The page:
I am sending you this final pita bread on Christmas Day with a big wish for the season. Some people only wish for peace on earth on Christmas Day, but not me. I’m also wishing for justice on earth.
Please change your mind and support the International Criminal Court. Peace on earth can’t exist without justice, too.
I didn’t really think President Bush would respond. I did, however, expect him to respond. There’s a difference sometimes between what you think a person will do and what you expect them, morally, to do. I expected him to send a form letter, a token that he had received the packages. What I really thought, however, was that I would be lucky not to have my phone tapped.
I waited. I waited. I waited some more.
Enron collapsed, Israel shot up the whole West Bank, the Worldcom scandal broke, and President Bush went on a golfing vacation. Still no letter. I lost hope.
And then, just before July 4, I received a 9 x 12 manila envelope from the White House. Inside was a piece of cardboard (to keep the envelope from being folded) and a single-page letter dated June 28, 2002. It read:
Dear Ms. Tomchick:
Thank you for your letter about Afghanistan. I appreciate your concerns and welcome your suggestions. As our Nation [sic] fights terrorism around the world, we remain committed to the welfare of the Afghan people and to the safety of those providing aid in the region. The United States helped Afghanistan to avert mass starvation, to reopen schools for both boys and girls, and to establish a representative and accountable government for all Afghan women and men. In addition, we are working to rebuild infrastructure, clear mine fields, improve health care, and integrate women into the workforce. America will provide a brighter future for people in Afghanistan. Best wishes.
George W. Bush
I tested the signature by licking my forefinger and swiping it over the writing. Hhmm. No smear. I got out a pencil and ran the eraser over it. It erased like a photocopy.
I am sending a letter in return. Here it is:
Dear President Bush:
Thank you for your response to my letters. I’m assuming you received them all? You only mention a “letter.”
I think you should personally talk to some of the people providing aid in the region, particularly the female aid worker who was recently gang-raped in Northern Afghanistan by followers of Rashid Dostum (our ally, remember him?). “Safety” is in short supply, right now.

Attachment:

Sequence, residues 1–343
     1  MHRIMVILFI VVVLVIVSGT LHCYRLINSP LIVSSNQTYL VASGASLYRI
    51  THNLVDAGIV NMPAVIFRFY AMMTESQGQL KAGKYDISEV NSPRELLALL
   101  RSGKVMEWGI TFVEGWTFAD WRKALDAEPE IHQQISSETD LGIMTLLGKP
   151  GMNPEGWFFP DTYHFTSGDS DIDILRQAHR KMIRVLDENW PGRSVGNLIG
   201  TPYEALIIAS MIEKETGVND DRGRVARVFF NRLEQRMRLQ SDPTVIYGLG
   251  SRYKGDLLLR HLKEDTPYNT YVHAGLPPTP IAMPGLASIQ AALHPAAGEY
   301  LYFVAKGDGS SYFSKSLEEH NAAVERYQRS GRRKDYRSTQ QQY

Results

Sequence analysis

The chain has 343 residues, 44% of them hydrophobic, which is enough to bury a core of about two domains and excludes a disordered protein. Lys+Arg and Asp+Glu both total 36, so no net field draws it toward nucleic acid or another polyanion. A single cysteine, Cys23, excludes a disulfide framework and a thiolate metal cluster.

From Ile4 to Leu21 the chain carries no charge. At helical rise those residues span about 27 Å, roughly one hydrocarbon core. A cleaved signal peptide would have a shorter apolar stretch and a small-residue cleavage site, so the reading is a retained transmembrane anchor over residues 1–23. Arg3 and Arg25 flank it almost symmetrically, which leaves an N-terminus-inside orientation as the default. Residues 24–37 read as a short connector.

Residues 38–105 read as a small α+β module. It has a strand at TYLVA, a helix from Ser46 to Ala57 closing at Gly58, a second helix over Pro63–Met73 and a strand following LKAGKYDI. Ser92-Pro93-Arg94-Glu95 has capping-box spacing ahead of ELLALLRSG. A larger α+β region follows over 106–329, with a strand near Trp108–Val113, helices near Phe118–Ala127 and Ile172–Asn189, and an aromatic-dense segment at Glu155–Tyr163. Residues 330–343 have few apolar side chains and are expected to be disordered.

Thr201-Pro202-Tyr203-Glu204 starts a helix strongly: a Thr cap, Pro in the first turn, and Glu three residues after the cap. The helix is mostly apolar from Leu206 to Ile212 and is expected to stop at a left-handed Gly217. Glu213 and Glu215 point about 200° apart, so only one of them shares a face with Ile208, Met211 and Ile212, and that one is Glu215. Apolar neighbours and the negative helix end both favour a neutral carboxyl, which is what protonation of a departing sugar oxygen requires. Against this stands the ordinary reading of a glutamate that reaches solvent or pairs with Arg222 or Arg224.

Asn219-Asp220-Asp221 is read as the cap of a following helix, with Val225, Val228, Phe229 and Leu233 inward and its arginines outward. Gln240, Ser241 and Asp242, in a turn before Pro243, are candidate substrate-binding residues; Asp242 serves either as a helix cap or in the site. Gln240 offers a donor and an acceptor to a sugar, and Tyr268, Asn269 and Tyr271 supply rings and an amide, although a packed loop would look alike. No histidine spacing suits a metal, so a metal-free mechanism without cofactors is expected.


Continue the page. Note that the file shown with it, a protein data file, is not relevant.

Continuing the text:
I also read that the UN World Food Program provided most of the food aid that averted mass starvation–a situation created by our bombing war against the Taliban. The UN and other NGOs are clearing minefields, too, but US troops are not–except wherever they pitch their own tents and park their jeeps.
I’ve also been listening to the radio. Western journalists in Afghanistan recently said that no redevelopment projects have gotten off the ground because of a lack of funds. And many Loya Jirga delegates complained to journalists that they were only being asked to approve Hamid Karzai’s reappointment and his cabinet choices, but not to vote democratically on anything.
As for integrating women into the workforce, maybe you should talk to some of the women who live in Herat under the rule of the warlord Ismail Khan (our ally, remember him?). They live under the watchful eyes of his religious police. Afghan women in Herat still can’t work outside their homes, and are required to wear their head-to-toe burkas. Even women in Kabul are too frightened to remove their burkas because of harassment and death threats. (Just ask the former minister of Women’s Affairs why she resigned her post.) Is that progress?
I’m glad that you apologized to the families of the innocent people killed by US planes recently in Uruzgan Province. Surely you can see to it that this doesn’t happen again? Maybe we should follow Britain’s lead and withdraw our troops.
Or, better yet, you could recognize the International Criminal Court, shift our troops to a peacekeeping role, and go after war criminals like Rashid Dostum and Ismail Khan. This would provide a much brighter future for people in Afghanistan.